The U.S. Federal Trade Commission filed suit on Tuesday against Volkswagen AG for falsely advertising that hundreds of thousands of its diesel vehicles were environmentally friendly, when the German automaker knew they were actually emitting excess pollution.
The FTC filed suit in U.S. District Court in San Francisco, saying that U.S. consumers suffered "billions of dollars in injury" as a result of VW's deception.
The automaker has admitted to using undisclosed software that allowed 580,000 diesel vehicles built since 2009 to emit up to 40 times legally allowable pollution.
The Justice Department sued VW for up to $46 billion in January for violating environmental laws and VW faces more than 500 civil lawsuits related to excess emissions, along with suits from some U.S. states. Last week, a federal judge set an April 21 deadline for VW to come up with a concrete remedy for the vehicles.
VW spokeswoman Jeannine Ginivan said the automaker has received the FTC complaint and "continues to cooperate" with all U.S. regulators. "Our most important priority is to find a solution to the diesel emissions matter," Ginivan said.
VW has an ongoing internal investigation to determine who at the automaker knew of the diesel cheating.
The FTC is seeking a court order requiring Volkswagen to compensate U.S. consumers who bought a polluting vehicle and an injunction to prevent future similar conduct by Volkswagen.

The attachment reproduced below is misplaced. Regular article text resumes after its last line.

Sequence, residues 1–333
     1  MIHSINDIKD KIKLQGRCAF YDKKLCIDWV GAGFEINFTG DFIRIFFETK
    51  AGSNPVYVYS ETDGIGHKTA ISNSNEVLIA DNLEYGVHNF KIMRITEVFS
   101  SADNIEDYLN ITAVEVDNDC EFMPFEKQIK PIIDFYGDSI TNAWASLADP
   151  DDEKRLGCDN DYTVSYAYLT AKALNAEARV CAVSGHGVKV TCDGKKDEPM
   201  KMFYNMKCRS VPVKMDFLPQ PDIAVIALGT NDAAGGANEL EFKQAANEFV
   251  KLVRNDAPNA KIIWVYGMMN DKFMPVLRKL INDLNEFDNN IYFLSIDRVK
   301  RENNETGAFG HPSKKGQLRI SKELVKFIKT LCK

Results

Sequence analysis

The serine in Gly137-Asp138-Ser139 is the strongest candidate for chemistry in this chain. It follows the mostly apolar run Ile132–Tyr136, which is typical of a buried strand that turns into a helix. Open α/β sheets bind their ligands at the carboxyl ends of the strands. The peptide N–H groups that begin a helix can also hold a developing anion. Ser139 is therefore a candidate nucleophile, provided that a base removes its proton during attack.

The FTC said VW's claims "that the cars were low-emission, environmentally friendly, met emissions standards and would maintain a high resale value" were false. It said the vehicles involved sold for an average price of approximately $28,000.
"For years Volkswagen's ads touted the company's 'Clean Diesel' cars even though it now appears Volkswagen rigged the cars with devices designed to defeat emissions tests," said FTC Chairwoman Edith Ramirez.
The FTC said VW promoted its "clean" cars through a high-profile marketing campaign that cost tens of millions of dollars that included Super Bowl ads, online social media campaigns and print advertising, "often targeting environmentally conscious" consumers."
VW remains in talks with the U.S. Environmental Protection Agency, California Air Resources Board and Justice Department over the terms of a settlement. U.S. District Judge Charles Breyer and lawyers for the government and VW said last Thursday that the sides had made "substantial progress" toward a settlement.
A settlement could include vehicle buybacks and cash incentives to repair the vehicles, along with environmental funds to address excess emissions. A central point of the contention is whether California and the EPA will accept a remedy that will address only part of the excess emissions.